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Apt complex "requires" declawing - Page 2

post #31 of 44
Quote:
Originally Posted by littleraven7726 View Post
My sister recently moved out of the Twin Cities. It's very difficult to find rental housing there that does not require declawing.
Very odd, in a city known for its liberal politics.
post #32 of 44
Quote:
Originally Posted by CatMom2Wires View Post
Managers come and go. The next one may not be so nice. Best to get the contract and make the specific changes if you don't want to avoid making a "quick move" in the middle of exams...
Yes but surely even if a new manager starts working there, she isn't going to send employees to all of a sudden check and make sure all the cats are declawed in all the apartments! They just usually don't do that kind of thing. They even don't check to make sure that people who aren't paying pet rent really don't have pets! I know many people who don't pay pet rent but still have pets as long as they are indoor only and aren't seen. And even if the complex employees come in to fix something inside the apartment, they most definitely don't take out the contract and decide to find ways in which you're breaching it since they aren't there for that..
That's what I think, I'd be Extremely surprised if out of all the rules in the contract they all of a sudden decide to strictly enforce the declawing rule and actually try to get proof from everyone who has cats.
post #33 of 44
Quote:
Originally Posted by mrblanche View Post
Very odd, in a city known for its liberal politics.
We lived in a couple of bigger cities that had similar policies. The bigger cities have more large management companies, and that seems to be something the management companies require. The area I've lived in the longest (we moved back here a couple years ago) the landlords don't really care about the declawing, except for a couple fancy expensive complexes in town. But if you're going to pay their super high rent, you might as well buy your own house (which is what we did ).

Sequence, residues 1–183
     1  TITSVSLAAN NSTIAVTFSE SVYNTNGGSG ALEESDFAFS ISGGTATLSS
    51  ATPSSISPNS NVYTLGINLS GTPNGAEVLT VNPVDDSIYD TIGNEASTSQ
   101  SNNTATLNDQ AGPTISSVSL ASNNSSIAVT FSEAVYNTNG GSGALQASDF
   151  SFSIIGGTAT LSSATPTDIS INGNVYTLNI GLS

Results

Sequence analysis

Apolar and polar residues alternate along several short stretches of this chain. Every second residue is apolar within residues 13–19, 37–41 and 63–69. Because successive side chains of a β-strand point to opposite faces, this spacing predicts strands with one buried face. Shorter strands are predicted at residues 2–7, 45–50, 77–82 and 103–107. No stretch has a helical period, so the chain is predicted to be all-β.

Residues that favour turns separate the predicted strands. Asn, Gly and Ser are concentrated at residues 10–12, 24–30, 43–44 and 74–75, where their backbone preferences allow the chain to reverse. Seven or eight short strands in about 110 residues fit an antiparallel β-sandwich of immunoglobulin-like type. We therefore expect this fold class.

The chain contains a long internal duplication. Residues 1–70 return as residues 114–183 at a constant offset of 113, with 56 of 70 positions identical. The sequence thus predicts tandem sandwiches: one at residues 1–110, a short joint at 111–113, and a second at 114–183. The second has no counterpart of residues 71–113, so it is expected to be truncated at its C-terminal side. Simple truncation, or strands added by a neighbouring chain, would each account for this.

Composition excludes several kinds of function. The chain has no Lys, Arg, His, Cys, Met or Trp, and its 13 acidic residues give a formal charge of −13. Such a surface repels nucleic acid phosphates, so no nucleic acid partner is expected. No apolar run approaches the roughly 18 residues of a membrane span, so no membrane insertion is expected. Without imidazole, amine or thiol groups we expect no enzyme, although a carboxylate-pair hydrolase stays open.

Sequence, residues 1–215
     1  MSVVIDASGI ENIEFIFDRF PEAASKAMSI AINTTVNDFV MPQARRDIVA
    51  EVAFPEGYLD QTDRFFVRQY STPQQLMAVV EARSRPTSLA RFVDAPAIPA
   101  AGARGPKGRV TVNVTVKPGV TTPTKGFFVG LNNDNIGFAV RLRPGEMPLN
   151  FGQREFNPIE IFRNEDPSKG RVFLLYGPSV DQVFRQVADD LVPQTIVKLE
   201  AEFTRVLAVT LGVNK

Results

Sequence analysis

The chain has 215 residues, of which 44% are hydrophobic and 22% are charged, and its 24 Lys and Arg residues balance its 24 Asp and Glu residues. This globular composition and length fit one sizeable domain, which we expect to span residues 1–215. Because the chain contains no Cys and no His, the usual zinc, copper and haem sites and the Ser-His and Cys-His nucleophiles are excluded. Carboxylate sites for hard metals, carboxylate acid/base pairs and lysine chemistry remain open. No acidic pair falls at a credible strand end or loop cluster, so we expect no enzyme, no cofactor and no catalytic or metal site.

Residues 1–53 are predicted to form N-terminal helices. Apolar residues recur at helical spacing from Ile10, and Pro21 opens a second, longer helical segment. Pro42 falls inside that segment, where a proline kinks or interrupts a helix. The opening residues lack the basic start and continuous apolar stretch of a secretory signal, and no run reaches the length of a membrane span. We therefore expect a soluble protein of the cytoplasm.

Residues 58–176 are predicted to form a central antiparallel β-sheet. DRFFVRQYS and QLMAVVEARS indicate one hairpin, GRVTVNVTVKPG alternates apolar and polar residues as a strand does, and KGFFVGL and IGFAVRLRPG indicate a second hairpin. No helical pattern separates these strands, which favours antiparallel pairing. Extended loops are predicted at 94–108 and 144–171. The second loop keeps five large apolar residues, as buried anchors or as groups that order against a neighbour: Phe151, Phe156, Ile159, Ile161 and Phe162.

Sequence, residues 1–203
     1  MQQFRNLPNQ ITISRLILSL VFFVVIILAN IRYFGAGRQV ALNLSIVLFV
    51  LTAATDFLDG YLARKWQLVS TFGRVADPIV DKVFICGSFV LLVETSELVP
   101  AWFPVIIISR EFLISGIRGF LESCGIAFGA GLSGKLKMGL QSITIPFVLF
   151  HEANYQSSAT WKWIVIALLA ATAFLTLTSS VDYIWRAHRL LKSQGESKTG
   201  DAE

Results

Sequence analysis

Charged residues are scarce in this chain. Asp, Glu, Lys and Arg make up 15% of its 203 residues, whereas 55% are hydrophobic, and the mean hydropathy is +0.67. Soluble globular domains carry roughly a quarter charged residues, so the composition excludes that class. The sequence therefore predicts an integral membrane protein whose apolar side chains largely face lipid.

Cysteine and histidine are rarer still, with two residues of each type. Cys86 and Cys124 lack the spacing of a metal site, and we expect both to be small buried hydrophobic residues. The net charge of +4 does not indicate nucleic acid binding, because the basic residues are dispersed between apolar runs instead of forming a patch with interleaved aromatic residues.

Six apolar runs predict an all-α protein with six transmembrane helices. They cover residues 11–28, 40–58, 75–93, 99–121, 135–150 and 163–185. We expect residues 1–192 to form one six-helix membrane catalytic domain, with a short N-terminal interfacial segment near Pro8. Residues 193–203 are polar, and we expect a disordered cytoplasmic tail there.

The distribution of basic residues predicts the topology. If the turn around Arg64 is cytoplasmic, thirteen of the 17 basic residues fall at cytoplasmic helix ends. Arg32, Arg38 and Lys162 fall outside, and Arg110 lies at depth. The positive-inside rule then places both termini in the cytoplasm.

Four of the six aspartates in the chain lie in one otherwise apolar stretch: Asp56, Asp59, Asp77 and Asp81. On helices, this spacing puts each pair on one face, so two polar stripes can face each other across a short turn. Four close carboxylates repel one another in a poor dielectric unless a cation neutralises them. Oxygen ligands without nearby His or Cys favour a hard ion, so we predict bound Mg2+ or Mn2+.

post #34 of 44
Quote:
Originally Posted by mrblanche View Post
Very odd, in a city known for its liberal politics.
Honestly though, when you have a bunch of tenants who take 0 responsibility for their apartments, I can understand where the landlords are coming from. In their experience, they've met a ton of irresponsible owners who let their cats tear apart the carpet, so they're taking action to protect their property.

I live in an apartment that requires declawing (which is why I chose to adopt an older kitty who was already declawed), and my neighbors in general are a bunch of irresponsible doofuses. They let their dogs poop all over the property and don't clean it up. They leave cigarette butts in the hallway. Their kids regularly run around the courtyard at 11 pm screaming and will occasionally pull the fire alarm for fun.

I know *I* would provide my cat with a safe place to scratch, but I can imagine quite a few of my neighbors wouldn't care less.
post #35 of 44
Quote:
Originally Posted by rahma View Post
Honestly though, when you have a bunch of tenants who take 0 responsibility for their apartments, I can understand where the landlords are coming from. In their experience, they've met a ton of irresponsible owners who let their cats tear apart the carpet, so they're taking action to protect their property.

I live in an apartment that requires declawing (which is why I chose to adopt an older kitty who was already declawed), and my neighbors in general are a bunch of irresponsible doofuses. They let their dogs poop all over the property and don't clean it up. They leave cigarette butts in the hallway. Their kids regularly run around the courtyard at 11 pm screaming and will occasionally pull the fire alarm for fun.